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Panel tells all at Law School’s discussion on military policy

  • DON'T ASK | John Power Hely, Law ’10, urged an end to the military’s “Don’t Ask, Don’t Tell” policy. “The most important thing to ensure is that DADT is removed,” he said.

Late afternoon classes were cancelled yesterday due to snow, but Columbia Law School still held a heated panel discussion at the Columbia Law School that called for an end to the military’s “Don’t Ask, Don’t Tell” policy.

The discussion was co-hosted by the Columbia Law School Solomon Amelioration Committee and Columbia OutLaws, an LGBT-ally organization at the law school, and featured former Marine John Power Hely, Law ’10. He shared his personal experience in the military under DADT, while other panelists urged for the policy to be repealed.

DADT mandates the discharge of openly gay, lesbian, or bisexual service members. It was passed by Congress in 1993, and more than 13,500 service members have been fired under the law since 1994. There have been ardent movements to end this ban—President Barack Obama reiterated in his campaign a promise to repeal DADT, and 187 members of the House of Representatives have signed on to the Military Readiness Enhancement Act, which proposes to replace DADT with a policy that would not discriminate on the basis of sexual orientation.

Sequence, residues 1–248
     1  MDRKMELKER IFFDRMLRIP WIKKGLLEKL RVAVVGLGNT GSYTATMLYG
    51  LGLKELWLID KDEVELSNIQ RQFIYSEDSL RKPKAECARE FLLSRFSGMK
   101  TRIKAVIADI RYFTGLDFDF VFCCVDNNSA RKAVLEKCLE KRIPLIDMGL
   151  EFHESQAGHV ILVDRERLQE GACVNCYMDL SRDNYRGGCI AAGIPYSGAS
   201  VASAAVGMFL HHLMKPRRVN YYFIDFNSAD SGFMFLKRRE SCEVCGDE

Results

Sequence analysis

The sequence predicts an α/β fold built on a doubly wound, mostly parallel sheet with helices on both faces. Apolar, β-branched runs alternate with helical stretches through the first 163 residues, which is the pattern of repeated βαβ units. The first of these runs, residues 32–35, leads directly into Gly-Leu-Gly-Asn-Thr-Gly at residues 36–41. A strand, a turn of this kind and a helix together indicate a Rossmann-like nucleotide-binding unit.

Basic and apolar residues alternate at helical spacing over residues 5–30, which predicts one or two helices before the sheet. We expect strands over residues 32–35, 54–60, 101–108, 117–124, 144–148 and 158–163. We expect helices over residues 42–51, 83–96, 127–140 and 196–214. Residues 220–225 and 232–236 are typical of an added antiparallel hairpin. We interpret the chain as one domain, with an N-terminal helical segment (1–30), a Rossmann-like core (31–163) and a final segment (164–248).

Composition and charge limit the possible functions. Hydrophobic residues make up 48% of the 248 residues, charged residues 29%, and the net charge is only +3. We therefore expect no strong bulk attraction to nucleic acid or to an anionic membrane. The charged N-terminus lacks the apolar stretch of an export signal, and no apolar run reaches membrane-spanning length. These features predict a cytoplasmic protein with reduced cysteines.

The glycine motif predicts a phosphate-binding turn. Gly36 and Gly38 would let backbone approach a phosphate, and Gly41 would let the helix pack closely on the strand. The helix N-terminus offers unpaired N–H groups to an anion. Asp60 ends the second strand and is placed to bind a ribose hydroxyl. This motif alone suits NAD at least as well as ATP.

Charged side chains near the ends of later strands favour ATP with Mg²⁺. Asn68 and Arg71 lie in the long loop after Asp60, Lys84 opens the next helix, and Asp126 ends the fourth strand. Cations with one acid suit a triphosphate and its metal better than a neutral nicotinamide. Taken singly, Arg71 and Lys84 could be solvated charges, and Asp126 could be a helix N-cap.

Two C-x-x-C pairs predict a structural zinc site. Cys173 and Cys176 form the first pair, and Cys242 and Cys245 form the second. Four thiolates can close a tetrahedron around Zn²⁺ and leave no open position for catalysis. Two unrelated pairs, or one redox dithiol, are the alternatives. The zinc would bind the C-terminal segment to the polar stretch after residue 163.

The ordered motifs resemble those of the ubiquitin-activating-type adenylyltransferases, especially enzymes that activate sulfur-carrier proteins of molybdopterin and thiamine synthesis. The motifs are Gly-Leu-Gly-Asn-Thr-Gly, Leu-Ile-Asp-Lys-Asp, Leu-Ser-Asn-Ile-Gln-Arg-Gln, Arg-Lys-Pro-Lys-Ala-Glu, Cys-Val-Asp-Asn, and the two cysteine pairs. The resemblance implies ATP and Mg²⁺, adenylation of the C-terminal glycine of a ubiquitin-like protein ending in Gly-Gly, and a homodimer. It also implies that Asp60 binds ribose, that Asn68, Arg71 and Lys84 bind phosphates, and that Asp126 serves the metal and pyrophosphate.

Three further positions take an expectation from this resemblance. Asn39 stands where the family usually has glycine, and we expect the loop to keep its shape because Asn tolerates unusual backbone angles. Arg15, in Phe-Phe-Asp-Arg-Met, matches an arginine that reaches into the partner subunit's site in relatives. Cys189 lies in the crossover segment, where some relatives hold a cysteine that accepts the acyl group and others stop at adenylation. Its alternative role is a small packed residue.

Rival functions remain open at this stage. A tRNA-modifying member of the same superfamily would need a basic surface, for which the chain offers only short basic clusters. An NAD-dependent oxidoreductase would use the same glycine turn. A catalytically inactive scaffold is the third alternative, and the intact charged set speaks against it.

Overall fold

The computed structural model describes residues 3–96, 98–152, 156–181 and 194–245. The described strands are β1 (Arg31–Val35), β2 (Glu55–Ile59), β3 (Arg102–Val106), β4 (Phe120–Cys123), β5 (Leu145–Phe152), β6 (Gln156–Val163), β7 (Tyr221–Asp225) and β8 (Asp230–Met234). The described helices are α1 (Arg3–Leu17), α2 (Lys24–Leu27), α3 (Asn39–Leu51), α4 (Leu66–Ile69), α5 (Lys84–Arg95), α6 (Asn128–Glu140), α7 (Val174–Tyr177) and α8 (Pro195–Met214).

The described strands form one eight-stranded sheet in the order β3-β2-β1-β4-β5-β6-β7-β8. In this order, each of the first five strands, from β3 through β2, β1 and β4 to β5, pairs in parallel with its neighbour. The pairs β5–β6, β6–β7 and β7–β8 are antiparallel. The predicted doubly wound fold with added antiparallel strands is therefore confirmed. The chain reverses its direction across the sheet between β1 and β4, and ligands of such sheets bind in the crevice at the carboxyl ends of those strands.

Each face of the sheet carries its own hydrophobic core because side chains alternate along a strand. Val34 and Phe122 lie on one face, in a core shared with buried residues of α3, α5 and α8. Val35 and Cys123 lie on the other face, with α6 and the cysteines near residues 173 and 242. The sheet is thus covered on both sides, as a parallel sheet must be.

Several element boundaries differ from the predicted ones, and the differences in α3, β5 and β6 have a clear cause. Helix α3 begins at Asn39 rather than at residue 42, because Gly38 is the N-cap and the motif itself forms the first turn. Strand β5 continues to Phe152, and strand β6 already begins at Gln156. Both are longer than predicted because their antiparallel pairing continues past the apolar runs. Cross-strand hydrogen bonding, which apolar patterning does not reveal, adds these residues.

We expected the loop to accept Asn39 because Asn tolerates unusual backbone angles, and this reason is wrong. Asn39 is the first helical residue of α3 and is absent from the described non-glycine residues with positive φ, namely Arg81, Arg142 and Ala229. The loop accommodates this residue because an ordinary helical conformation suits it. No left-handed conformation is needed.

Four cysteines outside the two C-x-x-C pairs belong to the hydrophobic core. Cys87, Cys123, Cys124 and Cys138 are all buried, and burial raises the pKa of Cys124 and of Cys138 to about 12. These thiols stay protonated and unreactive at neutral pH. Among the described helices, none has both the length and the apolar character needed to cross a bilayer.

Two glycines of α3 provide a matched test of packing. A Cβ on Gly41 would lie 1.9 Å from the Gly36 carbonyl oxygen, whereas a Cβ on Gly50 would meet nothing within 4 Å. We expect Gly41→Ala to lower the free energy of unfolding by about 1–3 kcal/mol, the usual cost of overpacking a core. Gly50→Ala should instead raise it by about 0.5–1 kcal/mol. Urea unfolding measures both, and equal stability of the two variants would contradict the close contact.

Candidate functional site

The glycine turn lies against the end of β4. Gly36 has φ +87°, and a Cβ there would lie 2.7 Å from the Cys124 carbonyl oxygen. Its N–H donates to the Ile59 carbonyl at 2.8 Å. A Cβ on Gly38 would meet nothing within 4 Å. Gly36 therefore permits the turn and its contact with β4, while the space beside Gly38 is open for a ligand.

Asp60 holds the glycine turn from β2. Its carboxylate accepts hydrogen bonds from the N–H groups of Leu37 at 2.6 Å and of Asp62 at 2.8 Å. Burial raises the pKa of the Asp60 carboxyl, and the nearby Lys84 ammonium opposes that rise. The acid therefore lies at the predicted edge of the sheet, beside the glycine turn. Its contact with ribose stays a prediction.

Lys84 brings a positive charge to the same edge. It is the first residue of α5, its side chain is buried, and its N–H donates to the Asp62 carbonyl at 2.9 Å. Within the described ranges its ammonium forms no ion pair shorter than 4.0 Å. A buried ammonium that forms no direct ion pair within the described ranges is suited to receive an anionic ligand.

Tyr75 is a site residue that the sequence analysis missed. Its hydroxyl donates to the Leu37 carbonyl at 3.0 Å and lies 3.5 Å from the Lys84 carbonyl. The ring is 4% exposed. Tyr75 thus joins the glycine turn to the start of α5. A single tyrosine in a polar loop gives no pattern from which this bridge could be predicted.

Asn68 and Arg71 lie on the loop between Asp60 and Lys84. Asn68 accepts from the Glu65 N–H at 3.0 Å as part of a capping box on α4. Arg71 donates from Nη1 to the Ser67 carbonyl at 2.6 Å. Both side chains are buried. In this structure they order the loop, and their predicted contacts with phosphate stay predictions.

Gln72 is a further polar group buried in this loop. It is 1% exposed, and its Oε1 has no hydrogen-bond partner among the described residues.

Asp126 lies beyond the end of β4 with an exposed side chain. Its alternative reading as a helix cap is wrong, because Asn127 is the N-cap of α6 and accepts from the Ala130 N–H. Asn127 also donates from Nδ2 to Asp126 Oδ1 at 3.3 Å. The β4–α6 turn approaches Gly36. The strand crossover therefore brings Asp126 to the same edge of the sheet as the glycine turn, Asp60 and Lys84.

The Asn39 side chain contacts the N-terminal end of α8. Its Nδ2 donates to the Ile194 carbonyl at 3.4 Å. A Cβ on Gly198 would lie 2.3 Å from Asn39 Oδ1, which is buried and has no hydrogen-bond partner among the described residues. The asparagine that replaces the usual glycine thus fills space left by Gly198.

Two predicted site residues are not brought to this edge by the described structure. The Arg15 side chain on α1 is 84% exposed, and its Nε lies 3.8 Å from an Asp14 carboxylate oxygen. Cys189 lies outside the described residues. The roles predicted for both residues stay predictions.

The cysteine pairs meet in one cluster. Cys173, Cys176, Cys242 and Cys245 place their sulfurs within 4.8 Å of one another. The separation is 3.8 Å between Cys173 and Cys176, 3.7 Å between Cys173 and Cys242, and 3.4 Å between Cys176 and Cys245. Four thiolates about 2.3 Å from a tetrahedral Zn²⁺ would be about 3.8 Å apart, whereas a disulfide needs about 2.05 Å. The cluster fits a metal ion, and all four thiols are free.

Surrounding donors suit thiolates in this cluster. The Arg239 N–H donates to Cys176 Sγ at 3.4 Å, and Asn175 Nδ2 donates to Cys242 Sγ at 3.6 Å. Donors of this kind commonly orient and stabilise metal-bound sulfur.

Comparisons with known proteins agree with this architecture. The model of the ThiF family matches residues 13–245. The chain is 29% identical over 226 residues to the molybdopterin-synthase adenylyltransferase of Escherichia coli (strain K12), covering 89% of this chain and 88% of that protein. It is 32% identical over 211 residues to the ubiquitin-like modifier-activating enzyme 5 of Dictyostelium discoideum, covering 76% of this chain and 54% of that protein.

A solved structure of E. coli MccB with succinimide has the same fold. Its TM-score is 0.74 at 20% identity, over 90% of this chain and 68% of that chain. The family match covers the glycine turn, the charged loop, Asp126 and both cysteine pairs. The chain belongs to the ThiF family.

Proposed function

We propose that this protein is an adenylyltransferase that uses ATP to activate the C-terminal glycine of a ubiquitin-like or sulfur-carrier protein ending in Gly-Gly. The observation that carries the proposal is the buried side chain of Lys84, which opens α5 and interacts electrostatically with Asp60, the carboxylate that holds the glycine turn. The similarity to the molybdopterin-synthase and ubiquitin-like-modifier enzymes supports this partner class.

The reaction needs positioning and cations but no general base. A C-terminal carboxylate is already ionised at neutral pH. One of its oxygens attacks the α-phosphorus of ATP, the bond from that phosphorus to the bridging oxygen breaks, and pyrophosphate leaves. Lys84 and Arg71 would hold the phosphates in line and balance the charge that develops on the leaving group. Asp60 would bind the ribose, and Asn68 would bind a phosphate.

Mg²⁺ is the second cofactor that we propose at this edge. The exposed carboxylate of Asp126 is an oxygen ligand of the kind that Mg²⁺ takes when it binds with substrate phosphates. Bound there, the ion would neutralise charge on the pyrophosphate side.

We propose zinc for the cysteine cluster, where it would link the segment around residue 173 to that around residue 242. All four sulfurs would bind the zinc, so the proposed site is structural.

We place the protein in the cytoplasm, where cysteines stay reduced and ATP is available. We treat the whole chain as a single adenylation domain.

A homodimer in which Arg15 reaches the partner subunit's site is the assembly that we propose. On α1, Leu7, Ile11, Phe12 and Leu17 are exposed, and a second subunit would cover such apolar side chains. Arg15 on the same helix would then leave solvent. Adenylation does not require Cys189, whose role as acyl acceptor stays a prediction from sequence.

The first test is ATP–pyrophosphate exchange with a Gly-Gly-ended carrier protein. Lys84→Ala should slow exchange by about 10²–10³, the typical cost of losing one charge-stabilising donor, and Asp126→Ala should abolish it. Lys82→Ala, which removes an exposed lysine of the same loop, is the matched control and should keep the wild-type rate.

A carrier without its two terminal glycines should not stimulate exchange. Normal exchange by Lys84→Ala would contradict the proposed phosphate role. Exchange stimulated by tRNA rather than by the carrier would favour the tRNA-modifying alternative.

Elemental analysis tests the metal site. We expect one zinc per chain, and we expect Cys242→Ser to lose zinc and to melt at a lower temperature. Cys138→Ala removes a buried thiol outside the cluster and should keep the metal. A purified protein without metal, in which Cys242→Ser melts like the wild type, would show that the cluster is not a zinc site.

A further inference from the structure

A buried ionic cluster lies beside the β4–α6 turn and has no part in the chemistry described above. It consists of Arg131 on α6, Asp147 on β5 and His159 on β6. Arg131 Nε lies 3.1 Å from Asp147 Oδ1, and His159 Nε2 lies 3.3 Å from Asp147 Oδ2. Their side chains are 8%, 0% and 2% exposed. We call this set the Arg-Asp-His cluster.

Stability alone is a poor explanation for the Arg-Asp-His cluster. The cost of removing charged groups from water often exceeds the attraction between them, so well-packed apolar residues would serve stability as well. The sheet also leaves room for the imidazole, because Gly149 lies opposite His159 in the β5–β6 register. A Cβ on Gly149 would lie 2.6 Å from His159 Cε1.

Nonetheless, progress has been slow.

Speakers at the discussion addressed the difficulties when individual military commanders apply the law differently. Hely said it was unfair for soldiers when “what was acceptable on Tuesday gets you dismissed on Wednesday.”

When asked how this specific matter fits into the greater agenda of LGBT activists, Hely said that efforts are being made to separate the issues. “The most important thing to ensure is that DADT is removed,” Hely said. “We are not discussing marriage in order to focus on helping those who are serving in silence.”

Rachel Wolkowitz, co-president of the Columbia OutLaws and Law ’11, urged the participants to “help us try to get this law repealed.” Accoding to Wolkowitz, despite the fact that there are a lot of veteran family support networks, “because of DADT, all the close family members of LGBT service members are completely cut off from all these service members. There is a huge stress in having to hide yourself and hide your family members.”

Hely pointed out that repealing DADT would be a big step, but not the end of the struggle. “We are facing an uphill battle in every way, shape, and form,” he said.

But speakers said they found service members to be generally supportive of their LGBT colleagues. According to a student who spoke who did not wish to be identified because he hopes have a career in the military, when he came out to his peers, they “were all very supportive. They didn’t care—they would still take a bullet for me. All the Marines who worked for me they felt the same way.”

Jeannie Chung, Law ’10, from the Sexuality and Gender Law Clinic, said that study results have shown that in other countries, transitions into open military service have by and large “usually not been an issue, or actually even enhanced cohesion and performance.”

“It is insulting to the military as a whole,” Hely said. “The fact that people think this kind of negative, arbitrary control fixes the situation is quite ludicrous.”

Correction: An earlier version of this article attributed Chung to the Center for Gender and Sexuality Law, when in fact she is part of the institution called the Sexuality and Gender Law Clinic. Spectator regrets the error.


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